Wednesday, June 24, 2009

À droite

Having exhaled (exhumed?) the lowbrow products of procrastination (below; backdated), a few things are jumping around for attention. This article is still remarkably fresh in my mind, for example, if only because it's so delightfully derivative of Borges' "Benares" (1923, Fervor de Buenos Aires):
False and impenetrable
like a garden traced on a mirror,
the imagined city
which my eyes have never seen
interweaves distances
and repeats its unreachable houses.
The sudden sun
shatters the complex obscurity
of temples, dunghills, prisons, patios
and will scale walls
and blaze on to a sacred river.
the city which a foliage of stars oppressed
pours over the horizon
and in a morning
full of steps and of sleep
light is opening the streets like branches.
At the same time dawn breaks
on all shutters looking east
and the voice of a muezzin
from its high tower
saddens the air of day
and announces to the city of many gods
the solitude of God.
(And to think that while I play with doubtful images
the city I sing persists
in a predestined place of the world,
with its precise topography
peopled like a dream,
with hospitals and barracks
and slow avenues of poplars
and men with rotten lips
who feel the cold in their teeth.)
Or, at least, derivative of the paraphrasing I was doing around the poem in my thesis. I'm still riffing on parallel structures, though, and this morning chewed through Urn Burial's fifth chapter again, where Browne turns from cataloguing the virtues and idiosyncrasies of funerary customs to melancholy: "'Tis too late to be ambitious," he sighs. "The great Mutations of the world are acted, our time may be too short for our designes." But the point is, really, that it has always been too late to be ambitious, and it always will. Which leaves unspoken the problem of Art; the significant absence, perhaps, as obvious as "Tlön, Uqbar, Orbis Tertius"'s footnotes about Tlön's "scandalous" materialism leaving the problem of material.

All of which is, effectively, the Borges-narrator resigned to the rise of Tlön and hiding in his uncertain translation of Urn Burial. In what will be a fusion of Quevedo's satire and Browne's reflections on mortality, the narrator of "Tlön, Uqbar" is writing the equivalent to the story in which he exists. Circularity rocks. And, one assumes, rolls.

Browne, for all his subtle gloom, managed to find something positive, although it's mildly undercut:
Darknesse and light divide the course of our time, and oblivion shares with memory a great part even of our living beings; we slightly remember our felicities, and the smartest stroaks of affliction leave but short smart upon us. Sense endureth no extremeties, and sorrows destroy us or themselves. To weep into stones are fables.
Oh, and despite Borges' avowed love for Urn Burial – he name-checked it in 1925's Inquisiciones, wrote "Tlön, Uqbar" around it, and translated Chapter V for Victoria Ocampo's Sur in 1944 – I still haven't found any articles linking Browne's style to Borges'. There's plenty of thematic junk, and I'm sure adding to the pile, but nothing yet on the way the semi-colons balance the omissions, distortions and contradictions, and, mostly, assist the underlying pragmatism. Although it may be too obvious to mention without being a little gauche.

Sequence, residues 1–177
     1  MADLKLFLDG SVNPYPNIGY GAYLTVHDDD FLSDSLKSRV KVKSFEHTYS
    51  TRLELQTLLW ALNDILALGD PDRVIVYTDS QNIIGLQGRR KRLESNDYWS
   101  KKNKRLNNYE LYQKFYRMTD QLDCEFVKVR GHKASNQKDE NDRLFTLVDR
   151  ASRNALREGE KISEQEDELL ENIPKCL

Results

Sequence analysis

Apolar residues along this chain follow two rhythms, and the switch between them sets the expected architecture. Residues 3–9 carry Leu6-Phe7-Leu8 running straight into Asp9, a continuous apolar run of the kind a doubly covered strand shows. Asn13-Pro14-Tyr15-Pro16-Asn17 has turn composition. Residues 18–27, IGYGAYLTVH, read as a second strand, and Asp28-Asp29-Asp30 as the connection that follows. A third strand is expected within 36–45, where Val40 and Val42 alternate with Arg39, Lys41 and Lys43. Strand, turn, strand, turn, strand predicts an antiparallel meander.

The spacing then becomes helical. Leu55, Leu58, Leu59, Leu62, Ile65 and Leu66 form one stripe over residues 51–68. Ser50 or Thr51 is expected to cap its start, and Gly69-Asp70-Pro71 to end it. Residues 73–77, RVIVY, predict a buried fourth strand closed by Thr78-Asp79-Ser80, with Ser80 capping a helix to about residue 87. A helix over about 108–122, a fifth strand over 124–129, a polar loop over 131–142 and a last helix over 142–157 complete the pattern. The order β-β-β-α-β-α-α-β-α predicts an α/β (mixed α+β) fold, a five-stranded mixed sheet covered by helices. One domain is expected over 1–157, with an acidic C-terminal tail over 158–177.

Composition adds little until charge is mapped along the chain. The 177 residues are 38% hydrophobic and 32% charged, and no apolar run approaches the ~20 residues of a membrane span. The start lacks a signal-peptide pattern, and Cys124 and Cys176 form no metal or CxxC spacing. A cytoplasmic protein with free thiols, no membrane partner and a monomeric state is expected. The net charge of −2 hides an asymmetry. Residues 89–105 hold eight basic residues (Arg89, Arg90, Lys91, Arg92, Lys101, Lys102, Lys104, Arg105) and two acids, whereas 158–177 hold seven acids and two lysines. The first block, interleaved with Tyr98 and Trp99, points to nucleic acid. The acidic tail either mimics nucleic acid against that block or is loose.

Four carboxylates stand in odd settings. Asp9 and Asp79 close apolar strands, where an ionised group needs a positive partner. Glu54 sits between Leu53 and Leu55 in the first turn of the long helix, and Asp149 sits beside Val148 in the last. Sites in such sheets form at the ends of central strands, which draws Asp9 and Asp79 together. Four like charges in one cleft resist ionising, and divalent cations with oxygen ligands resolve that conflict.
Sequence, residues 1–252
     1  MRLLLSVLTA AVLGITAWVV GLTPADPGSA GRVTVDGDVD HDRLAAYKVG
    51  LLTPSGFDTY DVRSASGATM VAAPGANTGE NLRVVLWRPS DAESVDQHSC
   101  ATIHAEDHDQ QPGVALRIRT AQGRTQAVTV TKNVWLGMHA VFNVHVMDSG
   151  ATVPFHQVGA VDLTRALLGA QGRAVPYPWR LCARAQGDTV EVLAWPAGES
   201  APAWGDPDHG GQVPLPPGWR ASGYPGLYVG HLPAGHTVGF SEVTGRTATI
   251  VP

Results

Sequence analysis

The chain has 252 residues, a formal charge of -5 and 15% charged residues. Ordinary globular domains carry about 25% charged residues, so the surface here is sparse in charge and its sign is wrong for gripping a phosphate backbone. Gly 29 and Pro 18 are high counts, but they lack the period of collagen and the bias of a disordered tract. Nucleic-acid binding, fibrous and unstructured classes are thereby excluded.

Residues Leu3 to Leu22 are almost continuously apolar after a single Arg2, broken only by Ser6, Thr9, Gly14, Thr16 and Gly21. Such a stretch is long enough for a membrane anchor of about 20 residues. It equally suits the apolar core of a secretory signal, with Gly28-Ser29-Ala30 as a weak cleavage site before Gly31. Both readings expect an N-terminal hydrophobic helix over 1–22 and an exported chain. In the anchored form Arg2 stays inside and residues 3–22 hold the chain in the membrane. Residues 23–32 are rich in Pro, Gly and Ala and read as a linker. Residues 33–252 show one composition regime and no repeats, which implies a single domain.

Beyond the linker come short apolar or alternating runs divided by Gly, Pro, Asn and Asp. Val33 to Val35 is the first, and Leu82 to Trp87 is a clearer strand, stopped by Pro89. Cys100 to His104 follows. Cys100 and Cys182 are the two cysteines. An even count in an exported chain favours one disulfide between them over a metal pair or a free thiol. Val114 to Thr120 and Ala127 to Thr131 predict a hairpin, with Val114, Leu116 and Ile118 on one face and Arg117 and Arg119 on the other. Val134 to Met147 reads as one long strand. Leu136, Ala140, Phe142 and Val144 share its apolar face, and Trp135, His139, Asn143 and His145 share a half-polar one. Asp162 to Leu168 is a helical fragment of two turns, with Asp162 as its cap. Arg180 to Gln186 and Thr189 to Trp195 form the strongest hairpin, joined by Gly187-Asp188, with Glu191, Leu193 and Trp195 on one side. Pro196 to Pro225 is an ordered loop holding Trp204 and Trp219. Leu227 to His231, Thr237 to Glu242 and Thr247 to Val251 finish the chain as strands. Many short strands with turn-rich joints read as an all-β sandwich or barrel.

Apropos of nothing, or perhaps of the trend towards the gauche, I just flicked past Choire Sicha's review – and fitting proposed subtitle – of the new Transformers film, Michael Bay's very male gaze and Megan Fox:
All on her own, she is reeling back twenty years of gender and film studies textbooks. While we may have thought the male gaze was wilting or troublesome, Megan Fox proves that (for her and a select few others, at least) the male gaze is just some flimsy and pitiful little ray to rub her flesh up against so as to keep warm her nearly-exposed rump. She is hard to believe, with the soft kitty-cat stripper ways of a Gina Gershon melded with the hard machineness of a Linda Fiorentino.

And finally, this whole thing jumped out at me in my daily headline filtering this morning. I'd heard all about Neda Agha-Soltan's death, I thought, and by now everyone has, but I'd like to know why it hit a little harder than the other deaths of protesters in Iran, or anywhere. That a video camera was right there? Her wide eyes when she lay on the street? Or the Persian meaning of her name – "voice", "calling" or "divine message"? I'm going to leave it there, because trying to answer that brings me right back to the gauche. And, to make the stupid pun I promised myself I wouldn't, I'd rather aim for the adroit.

No comments: